I knew something was wrong. I knew I was lying to doctors and lying to pharmacists and lying to my wife. But I also knew that when I didn’t take pills I felt miserable.

About three years into that job, I was buying pills online. And then I got caught. It was a really public, embarrassing, shameful, failure. But now there was nothing to hide. The whole truth was finally revealed.

So, I got fired. That was the moment when everything changed. I wish I could say that I had been brave and had finally confessed and shared my story. But it took my story being shared by others for me to finally get sober.

And now I had to face the consequences. Here were my little boys, being raised on a camp where they could ride motorcycles, play paintball, go out in canoes, and go to the skate park. And I had to look at them and say, “Daddy got fired because I’m an addict.” A four-year-old doesn’t quite understand that: “Can’t you just say you’re sorry and that you won’t do it anymore?”

I also had to face my wife. I said, “Hey, remember when everything was great? It’s not. I just got fired because I’m still using.” Though she was furious, she never had any intention of leaving me. I thought for sure she would, though, and I wouldn’t have blamed her if she had.

We had nowhere to go. They let us stay at the camp for almost another month, and because of my withdrawals, I was too weak to even help pack up the house. Not only that, I had to be babysat — literally. I couldn’t go anywhere without someone having eyes on me. I couldn’t be trusted. I remember thinking, I’m going to wait five minutes. I’m going to wait five minutes. At the end of these five minutes, I’m going to find a way to get some pills. And then, after I got through five minutes, I’d think, well, I can go another five. That lasted for about two weeks.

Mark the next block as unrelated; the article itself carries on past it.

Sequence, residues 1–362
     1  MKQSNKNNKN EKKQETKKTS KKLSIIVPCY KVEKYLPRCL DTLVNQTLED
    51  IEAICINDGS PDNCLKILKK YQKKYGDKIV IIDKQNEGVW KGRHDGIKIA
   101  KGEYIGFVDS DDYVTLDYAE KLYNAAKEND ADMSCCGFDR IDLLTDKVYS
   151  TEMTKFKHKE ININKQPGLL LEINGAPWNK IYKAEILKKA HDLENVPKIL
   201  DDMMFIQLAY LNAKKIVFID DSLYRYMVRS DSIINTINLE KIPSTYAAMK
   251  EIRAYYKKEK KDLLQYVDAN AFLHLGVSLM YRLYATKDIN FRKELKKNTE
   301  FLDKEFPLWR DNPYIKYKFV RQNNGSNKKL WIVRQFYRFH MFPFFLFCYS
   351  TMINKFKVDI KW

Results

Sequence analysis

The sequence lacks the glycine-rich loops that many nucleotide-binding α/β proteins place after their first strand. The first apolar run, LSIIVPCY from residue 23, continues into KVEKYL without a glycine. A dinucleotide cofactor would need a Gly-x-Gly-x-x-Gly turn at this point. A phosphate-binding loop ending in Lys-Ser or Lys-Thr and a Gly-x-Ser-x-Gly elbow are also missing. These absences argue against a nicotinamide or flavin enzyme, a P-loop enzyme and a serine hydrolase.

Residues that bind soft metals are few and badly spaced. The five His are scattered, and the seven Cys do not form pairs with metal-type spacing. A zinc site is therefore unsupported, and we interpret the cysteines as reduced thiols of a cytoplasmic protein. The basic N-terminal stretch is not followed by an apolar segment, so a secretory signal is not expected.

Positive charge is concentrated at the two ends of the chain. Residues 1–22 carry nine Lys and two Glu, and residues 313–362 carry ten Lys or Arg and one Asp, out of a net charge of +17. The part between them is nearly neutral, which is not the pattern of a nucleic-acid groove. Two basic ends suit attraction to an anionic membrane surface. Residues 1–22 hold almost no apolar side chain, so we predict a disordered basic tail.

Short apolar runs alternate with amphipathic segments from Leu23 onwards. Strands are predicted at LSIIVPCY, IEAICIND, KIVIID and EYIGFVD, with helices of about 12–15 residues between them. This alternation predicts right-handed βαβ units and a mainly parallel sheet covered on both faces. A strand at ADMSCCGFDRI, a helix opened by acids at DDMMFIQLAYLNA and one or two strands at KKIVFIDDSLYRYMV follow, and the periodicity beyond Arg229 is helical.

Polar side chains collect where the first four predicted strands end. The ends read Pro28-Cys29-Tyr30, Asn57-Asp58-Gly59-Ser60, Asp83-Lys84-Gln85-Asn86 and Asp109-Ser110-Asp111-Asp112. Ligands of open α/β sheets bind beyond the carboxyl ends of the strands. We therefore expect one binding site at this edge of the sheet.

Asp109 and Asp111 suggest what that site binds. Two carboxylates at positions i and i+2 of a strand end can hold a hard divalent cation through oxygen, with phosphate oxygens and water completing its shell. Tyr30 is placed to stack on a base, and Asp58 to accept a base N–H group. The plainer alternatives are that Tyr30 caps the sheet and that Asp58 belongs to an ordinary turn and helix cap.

The physical dependence did eventually break, and I began to function a little bit. All six of us moved from the camp into my parents’ two-bedroom condo. I miraculously found a job within a month of getting fired for $13 an hour at a local nonprofit. It was the kind of job where I had to clock in and clock out, and I got dropped off and picked up.

For the first year, half the time I was bouncing my leg and sweating because I was still going through withdrawals; I could barely focus. And yet things worked out. I was promoted every six months. By the time I left, I was an upper manager. The first few months after I got clean, I’d think that I would never be able to enjoy life again. Colors were a little more muted, I had no emotion. But within a couple of years, that slowly changed; the things that used to be fun became fun again. I very rarely get cravings but I still crave an easy way to escape discomfort. I still go to meetings. But for the past eight years, I’ve been clean. And miraculously, I don’t get migraines anymore.

My story is a bit different from other addicts because I had the privilege of having the support of my family and by people who loved me. When I hit rock bottom, I hadn’t burned all my bridges yet. But looking back, I was only a few steps away from losing everyone and everything.